Dallas-Ft. Worth Harper Lecture: The Radical Roots of the Modern First Amendment
Featuring Laura Weinrib
Judicial enforcement of the Bill of Rights is a defining feature of American constitutional democracy. Yet in the first half of the twentieth century, neither freedom of speech nor court-centered constitutionalism commanded broad-based consensus. Laura Weinrib will explain how lawyers and activists convinced Americans to entrust their civil liberties to the courts.
When class war shook the nation’s institutions, labor radicals within the American Civil Liberties Union claimed a right to agitate through organized economic pressure: a right of workers to picket, boycott, and strike. Over time, they hitched those commitments to a conservative constitutional tradition that valorized individual rights. Their modern vision of civil liberties attracted adherents across the political spectrum. At the height of the New Deal, an unlikely coalition of activists and corporate lawyers redeployed the First Amendment to shield business interests from the intrusive reach of the state. On the new understanding, a powerful Bill of Rights protected conservatives as well as radicals, industry as well as labor. Weinrib will explore how that forgotten constitutional bargain has shaped the battle over the meaning and limits of civil liberties and state power today.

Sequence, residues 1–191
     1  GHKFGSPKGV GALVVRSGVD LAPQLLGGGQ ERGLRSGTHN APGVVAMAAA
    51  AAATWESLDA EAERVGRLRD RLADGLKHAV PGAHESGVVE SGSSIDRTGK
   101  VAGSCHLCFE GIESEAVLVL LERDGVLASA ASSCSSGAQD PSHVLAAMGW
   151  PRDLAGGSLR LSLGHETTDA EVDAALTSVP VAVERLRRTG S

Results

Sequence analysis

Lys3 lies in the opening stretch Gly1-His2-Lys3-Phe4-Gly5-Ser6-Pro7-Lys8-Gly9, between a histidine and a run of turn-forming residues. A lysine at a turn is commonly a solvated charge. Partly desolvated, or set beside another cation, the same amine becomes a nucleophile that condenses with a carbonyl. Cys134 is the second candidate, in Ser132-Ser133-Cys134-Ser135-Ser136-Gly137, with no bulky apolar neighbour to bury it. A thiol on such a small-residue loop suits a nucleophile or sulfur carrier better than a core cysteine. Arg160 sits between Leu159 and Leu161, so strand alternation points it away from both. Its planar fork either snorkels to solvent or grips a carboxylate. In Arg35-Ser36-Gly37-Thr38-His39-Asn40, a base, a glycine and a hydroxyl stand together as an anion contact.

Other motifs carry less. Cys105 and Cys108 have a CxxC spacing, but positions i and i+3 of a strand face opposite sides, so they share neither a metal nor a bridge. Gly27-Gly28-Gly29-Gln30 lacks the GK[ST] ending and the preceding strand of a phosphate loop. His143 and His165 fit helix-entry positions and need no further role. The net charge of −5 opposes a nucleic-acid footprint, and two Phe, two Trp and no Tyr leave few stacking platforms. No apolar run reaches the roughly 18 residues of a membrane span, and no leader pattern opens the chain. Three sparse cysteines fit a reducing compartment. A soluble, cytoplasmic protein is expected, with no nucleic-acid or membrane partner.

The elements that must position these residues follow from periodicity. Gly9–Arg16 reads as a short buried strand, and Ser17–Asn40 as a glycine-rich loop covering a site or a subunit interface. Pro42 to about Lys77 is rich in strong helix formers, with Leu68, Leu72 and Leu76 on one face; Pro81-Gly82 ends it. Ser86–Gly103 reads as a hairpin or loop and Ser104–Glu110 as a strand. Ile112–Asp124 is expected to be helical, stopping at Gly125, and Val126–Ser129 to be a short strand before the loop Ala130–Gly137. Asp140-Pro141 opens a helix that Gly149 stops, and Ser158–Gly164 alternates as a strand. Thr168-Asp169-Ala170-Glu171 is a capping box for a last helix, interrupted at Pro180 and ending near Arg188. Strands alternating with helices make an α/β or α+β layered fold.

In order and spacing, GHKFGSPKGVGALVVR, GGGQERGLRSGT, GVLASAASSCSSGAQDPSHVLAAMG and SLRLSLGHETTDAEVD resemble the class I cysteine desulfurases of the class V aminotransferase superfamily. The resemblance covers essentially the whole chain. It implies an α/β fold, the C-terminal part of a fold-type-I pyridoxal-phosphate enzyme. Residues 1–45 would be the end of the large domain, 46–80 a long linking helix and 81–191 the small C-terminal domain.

2:00 p.m. Registration and networking
2:30 p.m. Presentation and discussion
3:30 p.m. Reception
$10/recent graduate (College alumni of the past 10 years and graduate alumni of the past five years)
Free for Class of 2016 UChicago alumni
Two complimentary registrations for members of the Chicago, Harper, Phoenix, and Medical and Biological Alumni Leadership Societies
Laura Weinrib is an assistant professor of Law and Herbert and Marjorie Fried Teaching Scholar at the University of Chicago Law School and an associate member of the Department of History. A legal historian, her scholarship explores the intersection of constitutional law and labor law.
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